Author Archive | Roderick

Unholy See

The latest trailer for the upcoming film Ready Player One features this image – which is clearly a dark riff on the Vatican:

Here’s the real-life original:


Apostrophe Fail

Part 1: One of my pet peeves is when people substitute an opening quotation mark for an apostrophe – for example, when they write the abbreviation for 1973 as ‘73 instead of ’73.

This is a phenomenon of the computer age; I don’t recall seeing it when I was growing up in the ’70s and ’80s, but I see it all the time now. The reason is that it’s a product of auto-correct; in most word-processing programs, if you try to type an apostrophe at the beginning of a word, auto-correct will assume you intended to type an opening quotation mark, and so will change it to an opening quotation mark, and you have to make a conscious effort to change it back.

But as a result, people’s brains have been warped to the point that nowadays, even when auto-correct isn’t involved (for example, when they’re hand-painting a sign), they still substitute an opening quotation mark for an apostrophe.

Goddamn reversed apostrophe

Goddamn reversed apostrophe

I think the most embarrassing (because most expensive and high-profile) example of the mistake that I’ve seen is in the 1973 posters of Billie Jean King and Bobby Riggs flashed up at the 0:26 and 0:42 marks this new movie trailer. It’s particularly ironic because it’s a mistake that wouldn’t have been made in 1973.

Part 2:

Well, that example didn’t wear the “most embarrassing (because most expensive and high-profile) example” crown for long. Right after I wrote the above, I came across a much worse example in the following trailer (at the 2:15 mark), which features a gigantic apostrophe fail in the very title of the goddamn movie:

Embarrassing trailer

Embarrassing trailer

Thankfully, this empire of incompetence does not extend everywhere. This poster for the movie was evidently made by people who grasp the difference between apostrophes and quotation marks:

Non-embarrassing poster

Unfortunately, there’s another poster ….

Embarrassing poster

Embarrassing poster


Phantom at the Fox

Atlanta's Fox Theatre

Last weekend, at the Fox Theatre in Atlanta, I saw Love Never Dies (Andrew Lloyd Webber’s sequel to Phantom of the Opera) on its first North American tour. I enjoyed it, although the charaterisations are wildly inconsistent (both within the show and between it and its predecessor).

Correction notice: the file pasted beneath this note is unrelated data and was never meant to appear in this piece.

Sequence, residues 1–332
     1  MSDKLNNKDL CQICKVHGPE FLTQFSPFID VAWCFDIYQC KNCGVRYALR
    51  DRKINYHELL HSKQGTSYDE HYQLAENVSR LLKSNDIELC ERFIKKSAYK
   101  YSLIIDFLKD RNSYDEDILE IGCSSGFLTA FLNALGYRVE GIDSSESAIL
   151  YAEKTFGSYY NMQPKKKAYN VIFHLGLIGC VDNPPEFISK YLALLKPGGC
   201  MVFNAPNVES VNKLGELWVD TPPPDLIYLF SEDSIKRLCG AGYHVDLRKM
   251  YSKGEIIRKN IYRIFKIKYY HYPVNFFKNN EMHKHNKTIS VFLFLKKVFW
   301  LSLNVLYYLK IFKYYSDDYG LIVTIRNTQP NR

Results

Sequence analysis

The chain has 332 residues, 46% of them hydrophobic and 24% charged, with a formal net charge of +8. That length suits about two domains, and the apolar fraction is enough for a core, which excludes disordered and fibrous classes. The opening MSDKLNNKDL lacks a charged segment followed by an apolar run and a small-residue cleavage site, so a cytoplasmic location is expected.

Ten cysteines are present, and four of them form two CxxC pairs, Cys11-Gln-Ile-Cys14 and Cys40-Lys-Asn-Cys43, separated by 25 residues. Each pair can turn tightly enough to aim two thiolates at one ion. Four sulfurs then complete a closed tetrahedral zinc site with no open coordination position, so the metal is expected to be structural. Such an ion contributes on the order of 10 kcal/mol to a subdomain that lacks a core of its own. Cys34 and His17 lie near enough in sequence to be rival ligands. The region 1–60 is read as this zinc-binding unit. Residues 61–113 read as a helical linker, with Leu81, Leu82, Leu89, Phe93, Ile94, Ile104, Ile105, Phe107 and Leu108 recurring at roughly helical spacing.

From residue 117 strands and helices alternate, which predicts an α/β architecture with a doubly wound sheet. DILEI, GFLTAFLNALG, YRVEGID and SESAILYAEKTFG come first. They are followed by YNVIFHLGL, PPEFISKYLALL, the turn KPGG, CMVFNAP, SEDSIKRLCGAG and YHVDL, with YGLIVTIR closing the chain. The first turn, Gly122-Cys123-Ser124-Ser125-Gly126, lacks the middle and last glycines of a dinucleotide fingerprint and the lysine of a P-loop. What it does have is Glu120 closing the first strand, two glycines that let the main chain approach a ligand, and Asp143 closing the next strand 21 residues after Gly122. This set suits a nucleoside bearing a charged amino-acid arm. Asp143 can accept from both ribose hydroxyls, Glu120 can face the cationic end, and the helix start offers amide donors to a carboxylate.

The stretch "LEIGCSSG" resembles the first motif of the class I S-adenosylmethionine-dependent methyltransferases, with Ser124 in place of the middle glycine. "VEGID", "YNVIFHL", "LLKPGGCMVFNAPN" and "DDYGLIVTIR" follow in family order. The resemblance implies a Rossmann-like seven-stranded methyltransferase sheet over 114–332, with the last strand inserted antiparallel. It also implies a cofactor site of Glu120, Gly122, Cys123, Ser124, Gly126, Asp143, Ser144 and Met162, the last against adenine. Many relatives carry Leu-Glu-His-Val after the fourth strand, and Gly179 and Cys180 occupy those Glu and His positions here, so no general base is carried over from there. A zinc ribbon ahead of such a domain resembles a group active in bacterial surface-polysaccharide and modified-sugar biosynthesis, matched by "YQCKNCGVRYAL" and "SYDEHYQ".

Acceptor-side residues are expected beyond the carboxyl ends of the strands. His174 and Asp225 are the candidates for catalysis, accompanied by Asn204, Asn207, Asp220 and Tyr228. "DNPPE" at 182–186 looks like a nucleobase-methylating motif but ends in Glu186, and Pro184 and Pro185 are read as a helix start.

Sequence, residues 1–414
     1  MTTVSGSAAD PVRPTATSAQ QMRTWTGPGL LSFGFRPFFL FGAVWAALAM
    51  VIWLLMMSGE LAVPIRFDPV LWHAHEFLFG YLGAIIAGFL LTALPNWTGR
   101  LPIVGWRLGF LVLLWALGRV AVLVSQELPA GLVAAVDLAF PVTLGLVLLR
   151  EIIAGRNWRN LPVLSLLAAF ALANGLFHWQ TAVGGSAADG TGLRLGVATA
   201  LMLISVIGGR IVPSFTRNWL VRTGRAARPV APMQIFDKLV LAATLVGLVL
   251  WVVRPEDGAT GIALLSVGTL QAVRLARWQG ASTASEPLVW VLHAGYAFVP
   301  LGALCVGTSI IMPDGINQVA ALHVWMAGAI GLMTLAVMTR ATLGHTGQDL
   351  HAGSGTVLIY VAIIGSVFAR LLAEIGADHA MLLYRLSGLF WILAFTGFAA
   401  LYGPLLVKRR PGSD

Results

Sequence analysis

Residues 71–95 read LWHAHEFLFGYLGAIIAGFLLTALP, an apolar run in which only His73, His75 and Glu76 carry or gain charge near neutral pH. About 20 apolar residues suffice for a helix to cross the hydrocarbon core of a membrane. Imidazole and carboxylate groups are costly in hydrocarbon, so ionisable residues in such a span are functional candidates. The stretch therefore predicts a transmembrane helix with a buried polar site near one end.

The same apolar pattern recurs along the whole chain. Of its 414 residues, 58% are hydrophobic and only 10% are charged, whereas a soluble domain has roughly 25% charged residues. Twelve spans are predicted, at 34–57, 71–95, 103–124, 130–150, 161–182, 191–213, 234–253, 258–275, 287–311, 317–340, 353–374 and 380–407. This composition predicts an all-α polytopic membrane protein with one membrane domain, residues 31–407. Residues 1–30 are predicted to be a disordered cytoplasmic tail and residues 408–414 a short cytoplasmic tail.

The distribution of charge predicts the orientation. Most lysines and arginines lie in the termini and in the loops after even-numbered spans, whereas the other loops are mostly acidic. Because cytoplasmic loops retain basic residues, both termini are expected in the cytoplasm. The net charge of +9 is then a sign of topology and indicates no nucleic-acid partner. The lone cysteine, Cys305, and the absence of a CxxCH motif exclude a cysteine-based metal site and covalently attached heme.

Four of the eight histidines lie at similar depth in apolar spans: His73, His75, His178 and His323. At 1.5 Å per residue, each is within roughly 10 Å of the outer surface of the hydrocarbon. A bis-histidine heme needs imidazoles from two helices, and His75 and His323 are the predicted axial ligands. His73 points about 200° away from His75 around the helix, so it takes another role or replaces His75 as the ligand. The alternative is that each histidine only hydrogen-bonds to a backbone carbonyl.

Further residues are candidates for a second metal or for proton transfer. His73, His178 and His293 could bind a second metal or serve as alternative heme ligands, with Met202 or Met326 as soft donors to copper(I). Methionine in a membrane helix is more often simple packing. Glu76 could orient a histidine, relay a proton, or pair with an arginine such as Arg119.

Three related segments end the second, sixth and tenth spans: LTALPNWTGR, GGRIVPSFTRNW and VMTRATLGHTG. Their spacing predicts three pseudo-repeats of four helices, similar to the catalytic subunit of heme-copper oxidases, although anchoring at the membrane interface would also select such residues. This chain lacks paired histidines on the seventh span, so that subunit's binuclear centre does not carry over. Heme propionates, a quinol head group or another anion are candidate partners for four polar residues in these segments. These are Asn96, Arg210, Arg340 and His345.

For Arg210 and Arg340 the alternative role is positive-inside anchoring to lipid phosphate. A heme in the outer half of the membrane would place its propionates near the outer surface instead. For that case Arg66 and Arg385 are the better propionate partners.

They’ve revised the show a bit for its newest tour – though nothing as drastic as the total retooling between the UK and Australia productions. But, for example, the music for the song “The Beauty Underneath” has been completely rewritten. I like the new version; but I also miss the old version.

The set design is a bit different too – sort of a cross between Art Nouveau and “Pirates of the Caribbean” (the ride, not the movie).


News to Me

In the most recent episode of Arrow, Cayden James, the show’s current main antagonist, tells his followers:

The Presocratic philosopher Thales of Miletus, known as the father of science, believed that for any event there was a natural cause, even if we couldn’t see it; and he thought that with perfect knowledge, man could control anything – everything.

Um … citation needed?


Descartes and Vitoria

I’ve long been a fan of interpretations of Descartes that lay at least as much stress on the continuity as on the discontinuity of his thought with Scholastic Aristoteleanism. (This is no doubt due in large part to the influence of Paul Hoffman, my first Descartes teacher: see here and here.)

I’ve just come across yet another point in which Descartes appears indebted to his Scholastic predecessors. In 1530, over a century before Descartes published his Meditations, Francisco de Vitoria of the University of Salamanca, best known for his defense of native American rights against the Spanish conquistadors, delivered a lecture On Homicide in which the following passage appears:

God could not create a habit which would incline toward what is false. … And by this reasoning, first principles also, even though they are self-evident, can be in a certain way proven. For what if someone were to say that he was forced to assent to this principle: “Every whole is greater than its part,” but would also say that he was afraid perhaps that he was deceived, just as a man sometimes is forced to believe something on the authority of men, in whom the man must have faith and yet it could happen that he be deceived? What, I say, if someone were to speak like this about first principles – could he not be induced by some reasoning to assent to them? Indeed, I think that if someone were to admit to me that God cannot lie nor deceive, he would also concede that it is necessary that a rational creature be created by God with this necessary inclination to consent to these principles, and would evidently be convinced that such principles are true. For if they are false, and God is forcing the human intellect to consent to them, it is plainly evident that God is deceiving men and consequently lying. Similarly, if God were to create any habit inclining toward what is false, He would rightly be accused of lying and deception. (Francisco de Vitoria, Relection on Homicide, trans. John P. Doyle [Marquette, 1997], p. 65.)


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